Race. A controversial topic in today’s society.
I’m African black. That shouldn’t necessarily be a problem, but it unfortunately evokes a lot of squabble and prejudice in the first world. I didn’t choose who I am, but I wouldn’t trade it for anything in the world. Unfortunately, over the past half a century, this bigotry has led to a sudden shift from the communal African community my ancestors grew in, to an envious, competitive one.
For the longest time, the white person has been viewed as superior to the person of color. This bias is undeniably existent, and as much as it’s not as ugly as it has been in the past, the consequences are indeed hideous.
In the black society, the term ‘colorism’ has been an adamant issue that needs to be tackled with, especially among the female population, due to the inevitable interactions between dark-skinned women and light-skinned women. The truth is that it no longer is only about the inequity between the black and the white, but also increasingly about the inequity between the black themselves. Well-known, social influencers of the youth have been lightening their skin, imposing the idea that the lighter you are, the more successful you are deemed to be; the more westernized and thus, ‘modernized’ you are, the more prosperous you’ll be in life.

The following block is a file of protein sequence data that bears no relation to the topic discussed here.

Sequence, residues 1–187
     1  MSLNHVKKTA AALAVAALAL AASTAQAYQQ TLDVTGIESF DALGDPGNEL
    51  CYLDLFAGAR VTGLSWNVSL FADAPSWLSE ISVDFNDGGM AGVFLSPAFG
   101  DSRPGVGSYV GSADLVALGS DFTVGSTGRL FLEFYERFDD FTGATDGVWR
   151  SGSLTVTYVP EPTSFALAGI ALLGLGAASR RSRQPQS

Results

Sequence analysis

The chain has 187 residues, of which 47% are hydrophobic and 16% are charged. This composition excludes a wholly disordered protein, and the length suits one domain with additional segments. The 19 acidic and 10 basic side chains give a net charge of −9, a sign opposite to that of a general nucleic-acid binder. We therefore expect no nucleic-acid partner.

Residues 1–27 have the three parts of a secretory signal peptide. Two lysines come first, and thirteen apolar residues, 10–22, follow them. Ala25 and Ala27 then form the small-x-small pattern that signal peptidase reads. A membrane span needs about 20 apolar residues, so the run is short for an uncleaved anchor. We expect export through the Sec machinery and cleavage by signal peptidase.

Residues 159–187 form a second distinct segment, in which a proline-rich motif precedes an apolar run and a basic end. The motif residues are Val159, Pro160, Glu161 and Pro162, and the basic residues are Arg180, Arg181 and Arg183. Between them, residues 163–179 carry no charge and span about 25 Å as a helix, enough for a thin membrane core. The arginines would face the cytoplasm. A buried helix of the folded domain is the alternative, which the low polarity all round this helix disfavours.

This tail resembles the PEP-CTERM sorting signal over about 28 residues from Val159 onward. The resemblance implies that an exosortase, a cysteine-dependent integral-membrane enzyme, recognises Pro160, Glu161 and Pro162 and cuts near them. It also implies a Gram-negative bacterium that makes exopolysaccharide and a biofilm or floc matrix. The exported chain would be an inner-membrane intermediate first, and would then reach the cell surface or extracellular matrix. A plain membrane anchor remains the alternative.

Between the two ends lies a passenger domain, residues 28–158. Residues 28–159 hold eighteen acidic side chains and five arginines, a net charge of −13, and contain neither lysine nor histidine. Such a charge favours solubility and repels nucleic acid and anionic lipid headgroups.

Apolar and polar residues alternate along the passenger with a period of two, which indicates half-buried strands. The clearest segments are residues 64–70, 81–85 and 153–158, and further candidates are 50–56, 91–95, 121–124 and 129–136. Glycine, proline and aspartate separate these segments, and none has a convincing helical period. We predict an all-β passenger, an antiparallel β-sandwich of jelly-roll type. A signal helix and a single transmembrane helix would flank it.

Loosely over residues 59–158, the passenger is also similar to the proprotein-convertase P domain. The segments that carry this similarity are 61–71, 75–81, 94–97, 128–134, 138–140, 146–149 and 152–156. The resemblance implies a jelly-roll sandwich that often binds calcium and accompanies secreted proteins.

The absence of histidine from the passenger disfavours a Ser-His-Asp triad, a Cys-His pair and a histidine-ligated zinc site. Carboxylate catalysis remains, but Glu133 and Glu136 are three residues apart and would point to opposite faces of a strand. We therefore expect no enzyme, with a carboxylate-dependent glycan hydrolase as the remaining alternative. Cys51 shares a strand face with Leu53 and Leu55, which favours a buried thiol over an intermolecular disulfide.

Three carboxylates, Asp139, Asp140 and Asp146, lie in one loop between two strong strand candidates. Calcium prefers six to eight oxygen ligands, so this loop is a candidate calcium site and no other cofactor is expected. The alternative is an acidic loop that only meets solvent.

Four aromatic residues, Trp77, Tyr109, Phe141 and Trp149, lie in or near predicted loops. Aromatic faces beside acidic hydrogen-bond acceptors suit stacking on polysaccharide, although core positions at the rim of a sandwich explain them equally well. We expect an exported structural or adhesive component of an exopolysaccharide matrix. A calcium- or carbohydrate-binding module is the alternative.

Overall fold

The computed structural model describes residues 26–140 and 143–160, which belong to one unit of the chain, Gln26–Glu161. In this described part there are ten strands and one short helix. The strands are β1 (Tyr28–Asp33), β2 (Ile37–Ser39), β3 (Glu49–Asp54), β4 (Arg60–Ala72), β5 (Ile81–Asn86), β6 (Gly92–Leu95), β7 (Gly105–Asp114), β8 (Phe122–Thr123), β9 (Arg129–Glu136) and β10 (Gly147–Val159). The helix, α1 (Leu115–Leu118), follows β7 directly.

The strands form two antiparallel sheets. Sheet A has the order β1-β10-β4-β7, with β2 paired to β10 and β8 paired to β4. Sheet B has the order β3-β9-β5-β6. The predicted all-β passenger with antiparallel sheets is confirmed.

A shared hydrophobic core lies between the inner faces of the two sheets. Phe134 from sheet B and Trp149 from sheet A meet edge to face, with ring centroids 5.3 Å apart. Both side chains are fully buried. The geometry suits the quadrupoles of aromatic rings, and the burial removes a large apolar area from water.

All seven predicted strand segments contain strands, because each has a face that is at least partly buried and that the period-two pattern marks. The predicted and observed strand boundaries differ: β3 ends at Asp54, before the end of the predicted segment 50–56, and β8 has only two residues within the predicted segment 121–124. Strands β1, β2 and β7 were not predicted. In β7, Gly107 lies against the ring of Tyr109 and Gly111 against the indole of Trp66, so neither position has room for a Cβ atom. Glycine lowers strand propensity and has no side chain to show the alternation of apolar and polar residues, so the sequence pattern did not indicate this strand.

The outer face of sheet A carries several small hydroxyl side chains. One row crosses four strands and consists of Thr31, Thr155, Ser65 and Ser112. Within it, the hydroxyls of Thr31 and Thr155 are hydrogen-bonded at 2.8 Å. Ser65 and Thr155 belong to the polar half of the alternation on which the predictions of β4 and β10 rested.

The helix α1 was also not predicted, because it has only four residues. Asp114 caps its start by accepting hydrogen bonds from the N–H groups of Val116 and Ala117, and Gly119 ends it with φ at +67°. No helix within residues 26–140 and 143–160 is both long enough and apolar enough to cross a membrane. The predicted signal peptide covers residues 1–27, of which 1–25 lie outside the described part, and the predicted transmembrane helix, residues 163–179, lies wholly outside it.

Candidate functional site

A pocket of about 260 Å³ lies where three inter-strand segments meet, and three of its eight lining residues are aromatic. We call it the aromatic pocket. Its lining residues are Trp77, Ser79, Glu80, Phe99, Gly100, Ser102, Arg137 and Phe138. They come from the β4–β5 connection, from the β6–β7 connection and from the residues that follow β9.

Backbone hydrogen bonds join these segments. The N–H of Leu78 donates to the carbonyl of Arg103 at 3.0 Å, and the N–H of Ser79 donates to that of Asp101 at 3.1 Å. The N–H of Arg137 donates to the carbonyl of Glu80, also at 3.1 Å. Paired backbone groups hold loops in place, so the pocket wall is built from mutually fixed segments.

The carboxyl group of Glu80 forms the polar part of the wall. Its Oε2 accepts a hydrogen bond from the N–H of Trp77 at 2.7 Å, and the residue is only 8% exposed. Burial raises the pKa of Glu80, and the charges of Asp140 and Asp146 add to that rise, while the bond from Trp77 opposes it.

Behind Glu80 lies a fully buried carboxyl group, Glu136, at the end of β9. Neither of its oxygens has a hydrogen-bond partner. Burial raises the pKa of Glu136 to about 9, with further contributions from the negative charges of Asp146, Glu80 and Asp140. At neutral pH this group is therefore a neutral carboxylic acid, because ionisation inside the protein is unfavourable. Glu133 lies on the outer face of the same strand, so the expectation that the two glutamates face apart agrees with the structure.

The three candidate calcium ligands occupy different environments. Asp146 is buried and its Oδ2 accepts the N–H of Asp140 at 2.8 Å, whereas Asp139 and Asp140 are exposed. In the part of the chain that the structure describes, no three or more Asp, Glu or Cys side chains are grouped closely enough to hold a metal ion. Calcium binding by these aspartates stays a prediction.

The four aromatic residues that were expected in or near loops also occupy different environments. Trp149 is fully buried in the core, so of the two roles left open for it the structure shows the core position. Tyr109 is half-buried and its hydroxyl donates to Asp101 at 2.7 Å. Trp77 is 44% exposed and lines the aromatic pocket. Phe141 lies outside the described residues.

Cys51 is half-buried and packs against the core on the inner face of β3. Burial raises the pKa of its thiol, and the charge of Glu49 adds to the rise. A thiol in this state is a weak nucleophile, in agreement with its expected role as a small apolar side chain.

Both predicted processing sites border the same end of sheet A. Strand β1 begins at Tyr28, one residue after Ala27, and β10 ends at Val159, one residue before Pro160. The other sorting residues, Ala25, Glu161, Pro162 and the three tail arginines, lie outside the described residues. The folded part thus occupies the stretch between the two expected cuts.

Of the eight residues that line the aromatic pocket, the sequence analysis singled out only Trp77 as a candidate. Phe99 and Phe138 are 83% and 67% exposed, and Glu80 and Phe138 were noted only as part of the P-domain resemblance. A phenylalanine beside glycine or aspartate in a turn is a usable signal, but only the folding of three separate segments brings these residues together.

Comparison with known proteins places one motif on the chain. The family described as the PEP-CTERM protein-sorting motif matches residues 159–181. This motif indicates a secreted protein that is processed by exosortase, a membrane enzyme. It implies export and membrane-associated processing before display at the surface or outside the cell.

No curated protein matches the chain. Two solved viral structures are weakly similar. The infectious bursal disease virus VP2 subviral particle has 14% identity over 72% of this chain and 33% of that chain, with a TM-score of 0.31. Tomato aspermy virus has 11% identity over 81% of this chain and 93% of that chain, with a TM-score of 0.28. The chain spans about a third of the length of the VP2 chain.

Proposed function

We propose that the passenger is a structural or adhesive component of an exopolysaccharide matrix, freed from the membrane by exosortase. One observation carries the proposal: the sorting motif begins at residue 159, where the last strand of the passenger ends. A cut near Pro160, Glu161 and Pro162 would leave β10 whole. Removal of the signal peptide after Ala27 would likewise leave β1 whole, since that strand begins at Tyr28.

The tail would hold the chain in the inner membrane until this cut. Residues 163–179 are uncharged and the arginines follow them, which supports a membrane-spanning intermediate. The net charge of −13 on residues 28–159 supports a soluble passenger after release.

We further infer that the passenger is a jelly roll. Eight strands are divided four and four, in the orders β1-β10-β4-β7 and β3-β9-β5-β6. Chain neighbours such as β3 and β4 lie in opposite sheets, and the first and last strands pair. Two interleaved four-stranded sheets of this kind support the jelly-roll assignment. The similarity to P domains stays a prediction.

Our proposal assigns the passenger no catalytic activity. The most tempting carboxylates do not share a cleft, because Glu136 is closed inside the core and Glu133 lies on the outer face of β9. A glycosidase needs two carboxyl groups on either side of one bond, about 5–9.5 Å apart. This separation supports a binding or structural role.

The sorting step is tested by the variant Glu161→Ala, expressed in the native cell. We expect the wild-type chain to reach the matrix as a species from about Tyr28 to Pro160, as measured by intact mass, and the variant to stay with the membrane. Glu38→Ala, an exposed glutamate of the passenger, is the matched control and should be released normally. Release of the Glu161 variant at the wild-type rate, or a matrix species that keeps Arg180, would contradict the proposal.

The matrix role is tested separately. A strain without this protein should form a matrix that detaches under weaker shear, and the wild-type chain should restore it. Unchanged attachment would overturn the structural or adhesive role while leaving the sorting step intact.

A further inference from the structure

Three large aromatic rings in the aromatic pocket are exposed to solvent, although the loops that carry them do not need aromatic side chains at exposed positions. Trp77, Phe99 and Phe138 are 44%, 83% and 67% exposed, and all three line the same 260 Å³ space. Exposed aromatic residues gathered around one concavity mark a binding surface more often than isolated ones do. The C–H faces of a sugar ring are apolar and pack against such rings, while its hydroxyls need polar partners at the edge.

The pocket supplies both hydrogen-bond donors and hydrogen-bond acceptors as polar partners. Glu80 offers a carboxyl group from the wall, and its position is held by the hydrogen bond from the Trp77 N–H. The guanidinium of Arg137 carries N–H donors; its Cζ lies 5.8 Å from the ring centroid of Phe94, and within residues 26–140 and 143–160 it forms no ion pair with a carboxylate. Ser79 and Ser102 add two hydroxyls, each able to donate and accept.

In the past and present, the interactions between the ‘affluent’ white and the ‘backward’ black have led to the degradation of the embracement of the African ethnicity – the culture, the religion, the language, the dressing, the hair, the skin. All in the view of becoming like the white, modern world, and gaining their respect rather than their discrimination, for example, President Trump blatantly referring to African nations as ‘shithole countries’.
Fascinatingly enough, though, is that in the hopes of ‘modernizing’, we, Africans, are not working together toward this obtuse goal that is the reality of our world, but instead, individually striving to be our most western selves, which happens to work against us rather than for us. Competition has become part of who we are – to be the lightest, the richest, the most ‘civilized’ – forgetting to adore and love ourselves in our skin, and appreciate our black community.
We need to open our eyes, be our truest selves, value our culture, and love each other. For our voice to be heard, we need to stand as one, because together we can do so much, and divided we are weak.
If you forget your roots, you’ve lost sight of everything.
What have we come to?
Will the black society continue to be erased?